the road to a future in which Palestinians and Jewish Israelis can live
peacefully together, either in one society or two. Concretely this is going
to mean a Palestinian state.

6. Supporting Palestinian independence does not mean supporting any
particular form of government or supporting the Arafat (or any other)
leadership. As I see it, we support a Palestinian state simply as part of the
Palestinian people’s just demands. We are free to attack any particular
policy of a Palestinian government or the government as a whole. Any time we
support other people’s demands we do so from our own independent
perspective.

 Palestinian wounded by Israel rubber bullet
(Nasser Shiyoukhi-AP Photo)

7. In two articles in The Torch/La Antorcha, newspaper of the Revolutionary
Socialist League, in 1989, I argued that a “two-state� policy—Palestine
alongside Israel—was the best short-term goal on the way to a secular,
inclusive Palestine. I continue to believe this, even though it involves some
real compromises. Zionists settled in Palestine from the 1880s to 1948 with
the aim of creating an exclusively Jewish state, and forced tens of thousands
of Palestinians from their homes to do so. These facts make a struggle for a
single Palestine—expelling the present Israeli state from Palestine—a just
fight. Nevertheless this would be, even if successful, a long and horribly
bloody conflict that would leave another dispossessed nation in the world. In
my eyes a Palestinian and Israeli compromise, accepting an independent
Palestine in part of Palestine and leaving an Israeli state in the rest, is a
better way to move toward peace between the two peoples. A “two-state�
policy is not in any way an overall long-term solution. The resulting
Palestinian state would be weak, dependent on outside aid, and economically
and militarily dominated by Israel. However, semi-peaceful relations between
two entities, with cultural, political, and economic contacts across the
borders, are at least no worse than decades of war as a basis for struggling
for a future single, nonreligious Palestinian society.

8. In the same articles I argued, and I continue to believe, that even though
Israel’s creation resulted from unjust aggression, the present-day Israeli
people have a right to live in Palestine, and to have a state of their own;
but only if they accept the right of Palestinians to independence and settle
all relations between the two peoples on a basis of equality. In my
perspective, anarchists should not favor an Israeli Jewish state but should
recognize that nearly all Israeli Jews do favor it. Therefore accepance of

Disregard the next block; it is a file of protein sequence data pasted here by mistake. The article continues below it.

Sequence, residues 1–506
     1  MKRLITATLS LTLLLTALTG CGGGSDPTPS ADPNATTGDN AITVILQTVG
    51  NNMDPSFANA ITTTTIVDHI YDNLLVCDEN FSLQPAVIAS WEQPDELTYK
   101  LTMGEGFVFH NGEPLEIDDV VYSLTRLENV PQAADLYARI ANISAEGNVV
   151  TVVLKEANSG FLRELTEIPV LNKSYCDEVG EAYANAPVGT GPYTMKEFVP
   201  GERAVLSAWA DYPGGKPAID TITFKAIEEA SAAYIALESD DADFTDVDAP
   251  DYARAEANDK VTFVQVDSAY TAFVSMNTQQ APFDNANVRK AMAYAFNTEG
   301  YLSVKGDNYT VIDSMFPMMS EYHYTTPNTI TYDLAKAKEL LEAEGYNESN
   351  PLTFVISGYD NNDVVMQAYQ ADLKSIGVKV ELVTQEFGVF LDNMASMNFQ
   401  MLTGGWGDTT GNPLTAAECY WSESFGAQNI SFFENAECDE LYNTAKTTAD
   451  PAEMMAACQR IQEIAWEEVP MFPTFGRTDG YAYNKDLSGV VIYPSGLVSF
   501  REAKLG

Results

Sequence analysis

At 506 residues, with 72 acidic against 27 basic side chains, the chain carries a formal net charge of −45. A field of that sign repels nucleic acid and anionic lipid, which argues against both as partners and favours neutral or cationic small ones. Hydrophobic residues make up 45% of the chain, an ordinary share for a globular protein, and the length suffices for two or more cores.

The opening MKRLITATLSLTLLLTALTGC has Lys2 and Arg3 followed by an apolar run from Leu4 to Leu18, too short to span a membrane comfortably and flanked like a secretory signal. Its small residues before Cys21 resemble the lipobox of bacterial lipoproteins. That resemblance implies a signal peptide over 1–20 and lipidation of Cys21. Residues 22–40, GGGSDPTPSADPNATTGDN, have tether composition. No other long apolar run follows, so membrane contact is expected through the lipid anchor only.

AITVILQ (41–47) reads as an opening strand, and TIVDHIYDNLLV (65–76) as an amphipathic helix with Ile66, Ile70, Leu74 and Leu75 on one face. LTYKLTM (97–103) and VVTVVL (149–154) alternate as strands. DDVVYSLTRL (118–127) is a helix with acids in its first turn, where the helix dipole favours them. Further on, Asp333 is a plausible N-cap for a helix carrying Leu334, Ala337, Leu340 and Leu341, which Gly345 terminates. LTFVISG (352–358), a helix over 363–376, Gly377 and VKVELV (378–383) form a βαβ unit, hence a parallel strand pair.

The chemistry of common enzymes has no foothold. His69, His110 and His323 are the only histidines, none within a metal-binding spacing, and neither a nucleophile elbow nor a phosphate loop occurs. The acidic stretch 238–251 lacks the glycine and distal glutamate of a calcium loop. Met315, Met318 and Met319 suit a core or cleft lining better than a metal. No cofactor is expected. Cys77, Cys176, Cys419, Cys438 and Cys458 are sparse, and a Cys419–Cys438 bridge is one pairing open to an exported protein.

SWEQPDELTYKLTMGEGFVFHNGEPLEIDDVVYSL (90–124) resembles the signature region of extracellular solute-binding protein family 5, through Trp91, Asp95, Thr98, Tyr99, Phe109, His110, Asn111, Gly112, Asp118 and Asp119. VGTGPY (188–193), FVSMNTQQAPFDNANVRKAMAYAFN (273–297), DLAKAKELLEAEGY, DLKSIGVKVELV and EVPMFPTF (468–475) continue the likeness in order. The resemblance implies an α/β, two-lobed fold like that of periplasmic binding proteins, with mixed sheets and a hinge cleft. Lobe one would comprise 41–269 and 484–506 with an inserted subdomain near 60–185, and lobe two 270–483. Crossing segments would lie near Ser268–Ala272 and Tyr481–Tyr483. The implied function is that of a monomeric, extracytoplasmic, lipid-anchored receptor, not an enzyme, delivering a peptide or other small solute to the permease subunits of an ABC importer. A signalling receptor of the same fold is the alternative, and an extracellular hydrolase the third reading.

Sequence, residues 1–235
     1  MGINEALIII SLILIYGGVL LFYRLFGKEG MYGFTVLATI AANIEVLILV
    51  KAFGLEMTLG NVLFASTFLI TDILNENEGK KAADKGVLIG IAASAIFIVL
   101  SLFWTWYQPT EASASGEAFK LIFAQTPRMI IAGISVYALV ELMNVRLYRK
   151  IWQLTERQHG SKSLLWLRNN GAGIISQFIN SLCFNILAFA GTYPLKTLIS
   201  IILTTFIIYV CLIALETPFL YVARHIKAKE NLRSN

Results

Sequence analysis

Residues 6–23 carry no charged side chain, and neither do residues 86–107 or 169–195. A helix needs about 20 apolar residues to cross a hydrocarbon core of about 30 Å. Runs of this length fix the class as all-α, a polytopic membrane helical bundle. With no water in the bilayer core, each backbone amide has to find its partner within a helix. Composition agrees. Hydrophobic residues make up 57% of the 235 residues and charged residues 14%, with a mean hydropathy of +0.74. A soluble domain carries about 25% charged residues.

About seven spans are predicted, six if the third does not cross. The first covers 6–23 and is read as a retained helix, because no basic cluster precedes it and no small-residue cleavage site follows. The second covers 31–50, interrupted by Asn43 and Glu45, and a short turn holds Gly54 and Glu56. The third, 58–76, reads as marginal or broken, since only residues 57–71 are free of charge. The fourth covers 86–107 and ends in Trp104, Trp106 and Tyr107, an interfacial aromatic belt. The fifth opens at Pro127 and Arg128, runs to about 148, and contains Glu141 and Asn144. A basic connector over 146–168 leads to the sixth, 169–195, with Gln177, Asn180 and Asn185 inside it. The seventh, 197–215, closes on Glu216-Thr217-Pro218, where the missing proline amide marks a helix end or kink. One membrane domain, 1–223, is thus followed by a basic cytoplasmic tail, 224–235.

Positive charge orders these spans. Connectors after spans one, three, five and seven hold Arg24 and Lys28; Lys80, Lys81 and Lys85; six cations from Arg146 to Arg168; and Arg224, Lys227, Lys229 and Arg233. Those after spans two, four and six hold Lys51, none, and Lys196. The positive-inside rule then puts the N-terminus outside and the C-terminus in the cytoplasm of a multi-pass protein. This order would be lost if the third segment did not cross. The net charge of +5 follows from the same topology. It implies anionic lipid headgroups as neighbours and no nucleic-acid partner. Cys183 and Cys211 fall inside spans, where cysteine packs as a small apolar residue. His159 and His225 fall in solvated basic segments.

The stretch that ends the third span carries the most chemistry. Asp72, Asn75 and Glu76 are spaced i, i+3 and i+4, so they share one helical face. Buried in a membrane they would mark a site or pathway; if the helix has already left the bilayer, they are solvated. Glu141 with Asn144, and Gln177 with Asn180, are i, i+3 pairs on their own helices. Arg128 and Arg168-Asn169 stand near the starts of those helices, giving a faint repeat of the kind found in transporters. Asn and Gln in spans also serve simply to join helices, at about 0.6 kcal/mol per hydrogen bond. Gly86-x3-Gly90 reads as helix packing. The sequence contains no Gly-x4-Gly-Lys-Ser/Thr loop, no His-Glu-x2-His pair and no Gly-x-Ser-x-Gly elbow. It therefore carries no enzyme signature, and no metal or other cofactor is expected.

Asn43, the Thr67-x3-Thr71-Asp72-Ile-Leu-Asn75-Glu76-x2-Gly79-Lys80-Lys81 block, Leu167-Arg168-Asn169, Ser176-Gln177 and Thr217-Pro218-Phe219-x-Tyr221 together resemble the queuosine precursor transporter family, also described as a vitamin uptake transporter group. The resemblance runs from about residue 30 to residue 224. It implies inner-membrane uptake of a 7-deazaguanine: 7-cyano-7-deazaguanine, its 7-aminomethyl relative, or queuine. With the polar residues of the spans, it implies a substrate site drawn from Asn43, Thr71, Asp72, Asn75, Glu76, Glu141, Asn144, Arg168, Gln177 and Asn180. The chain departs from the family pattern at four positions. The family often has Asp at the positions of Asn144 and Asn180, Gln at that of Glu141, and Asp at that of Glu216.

such an Israeli state is part of the compromises making peaceful relations
possible, provided that the acceptance goes both ways, i.e., also from Israel
to an independent Palestine.

9. I believe the responsibility for making a “two-state� solution
possible—and ultimately making peace between the peoples possible—now
rests
squarely with Israel’s government and its Jewish people. Most Palestinians in
the occupied territories and in Israel have long since accepted this policy.
But time and again, the Israeli government, backed by the U.S., has balked at
taking the reciprocal step. The responsibility is with Israelis to accept
Palestinians’ right to independence. If they do not, struggle by any and all
means for Palestinian independence either within the West Bank and Gaza or in
Palestine as a whole (i.e., the destruction of the Israeli state) is
justified.

10. While supporting the Palestinian struggle as a whole, I believe
anarchists and democrats should condemn the few instances of destruction of
Jewish religious sites by Palestinians. Palestinians should distinguish
between Jewish religious sites and sites and agents of Israeli state
oppression, even if some Israeli citizens and officials negate the
distinction by using religious sites for provocations and attacks.
Provocations and attacks should be answered; religious sites should be
respected. Though this principle may at times be difficult to apply in
practice, the principle is valid, and, I believe, largely accepted by
Palestinians.

 Body of Israeli soldier killed by Palestinians 10-12-00
(AP-Mediaset TV)

11. Despite the real danger of war and/or another protracted period of
killing, I welcome the failure of U.S. efforts to impose its own version of a
Palestinian settlement on Palestine and the resumption of direct struggle by
the Palestinian people to determine their future. It is the right of
Palestinians to make use of U.S. or any other mediation or pressure to move
closer to self-determination. Nonetheless, such mediation reflected and
reinforced the U.S. position as the world’s imperialist master. Events as
diverse as the antiglobalization protests, the revolution in Yugoslavia
(against a U.S. enemy but led by a critic of the U.S.), and the mass gas
price protests in Europe show that this stranglehold may be weakening. The
failure of U.S. settlement efforts reflects the waning ability of U.S.
imperialism to dictate to the world’s people, increases oppressed people’s
ability to struggle for justice, and is a sign of hope in the current world
situation.

12. “Why,� my young friend said, “does everyone hate so much? It
seems there
is no limit to hate.� That is a real truth. But the absence of hate has to be
based on social justice. In fact, absence of justice creates hate: defensive,
repressive hate on the part of the oppressors and beneficiaries of oppression
(in this case the Israeli right wing and much of the Israeli public), and
rebellious hate on the part of the oppressed. However much hate they may show
and however unjustified some specific action may be, the Palestinians have
right on their side; Sharon, Barak, and the majority of Israeli Jews who are
now self-righteously judging whether they have “partners for peace� (for the
continuation of their power) are wrong. I continue to favor a compromise
based on social justice, if the Israelis can wake up and accept it; but the
fight for justice is fundamental. Forward through social justice to a world
without hate.